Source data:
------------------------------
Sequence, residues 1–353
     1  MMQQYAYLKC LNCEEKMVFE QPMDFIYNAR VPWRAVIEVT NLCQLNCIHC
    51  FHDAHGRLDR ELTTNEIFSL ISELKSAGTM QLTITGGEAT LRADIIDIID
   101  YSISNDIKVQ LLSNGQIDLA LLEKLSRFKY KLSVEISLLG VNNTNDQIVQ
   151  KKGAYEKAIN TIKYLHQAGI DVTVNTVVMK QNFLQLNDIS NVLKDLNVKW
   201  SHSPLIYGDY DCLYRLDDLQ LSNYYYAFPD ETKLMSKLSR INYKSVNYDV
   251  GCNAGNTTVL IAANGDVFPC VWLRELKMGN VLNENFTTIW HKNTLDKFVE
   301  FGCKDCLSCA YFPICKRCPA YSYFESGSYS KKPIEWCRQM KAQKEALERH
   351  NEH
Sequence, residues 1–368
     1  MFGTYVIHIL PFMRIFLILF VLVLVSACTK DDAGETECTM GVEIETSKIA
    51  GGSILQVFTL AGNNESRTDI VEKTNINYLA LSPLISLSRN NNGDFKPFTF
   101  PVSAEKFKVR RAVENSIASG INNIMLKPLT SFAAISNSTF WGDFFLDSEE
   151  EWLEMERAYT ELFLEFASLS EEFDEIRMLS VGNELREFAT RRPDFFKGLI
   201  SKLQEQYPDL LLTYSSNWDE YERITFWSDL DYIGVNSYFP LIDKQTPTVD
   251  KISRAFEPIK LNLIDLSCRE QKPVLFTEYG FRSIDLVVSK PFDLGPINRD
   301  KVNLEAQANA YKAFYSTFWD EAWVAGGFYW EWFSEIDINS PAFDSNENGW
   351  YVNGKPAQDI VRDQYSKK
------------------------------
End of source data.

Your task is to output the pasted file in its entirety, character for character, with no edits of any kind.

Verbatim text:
Sequence, residues 1–353
     1  MMQQYAYLKC LNCEEKMVFE QPMDFIYNAR VPWRAVIEVT NLCQLNCIHC
    51  FHDAHGRLDR ELTTNEIFSL ISELKSAGTM QLTITGGEAT LRADIIDIID
   101  YSISNDIKVQ LLSNGQIDLA LLEKLSRFKY KLSVEISLLG VNNTNDQIVQ
   151  KKGAYEKAIN TIKYLHQAGI DVTVNTVVMK QNFLQLNDIS NVLKDLNVKW
   201  SHSPLIYGDY DCLYRLDDLQ LSNYYYAFPD ETKLMSKLSR INYKSVNYDV
   251  GCNAGNTTVL IAANGDVFPC VWLRELKMGN VLNENFTTIW HKNTLDKFVE
   301  FGCKDCLSCA YFPICKRCPA YSYFESGSYS KKPIEWCRQM KAQKEALERH
   351  NEH
Sequence, residues 1–368
     1  MFGTYVIHIL PFMRIFLILF VLVLVSACTK DDAGETECTM GVEIETSKIA
    51  GGSILQVFTL AGNNESRTDI VEKTNINYLA LSPLISLSRN NNGDFKPFTF
   101  PVSAEKFKVR RAVENSIASG INNIMLKPLT SFAAISNSTF WGDFFLDSEE
   151  EWLEMERAYT ELFLEFASLS EEFDEIRMLS VGNELREFAT RRPDFFKGLI
   201  SKLQEQYPDL LLTYSSNWDE YERITFWSDL DYIGVNSYFP LIDKQTPTVD
   251  KISRAFEPIK LNLIDLSCRE QKPVLFTEYG FRSIDLVVSK PFDLGPINRD
   301  KVNLEAQANA YKAFYSTFWD EAWVAGGFYW EWFSEIDINS PAFDSNENGW
   351  YVNGKPAQDI VRDQYSKK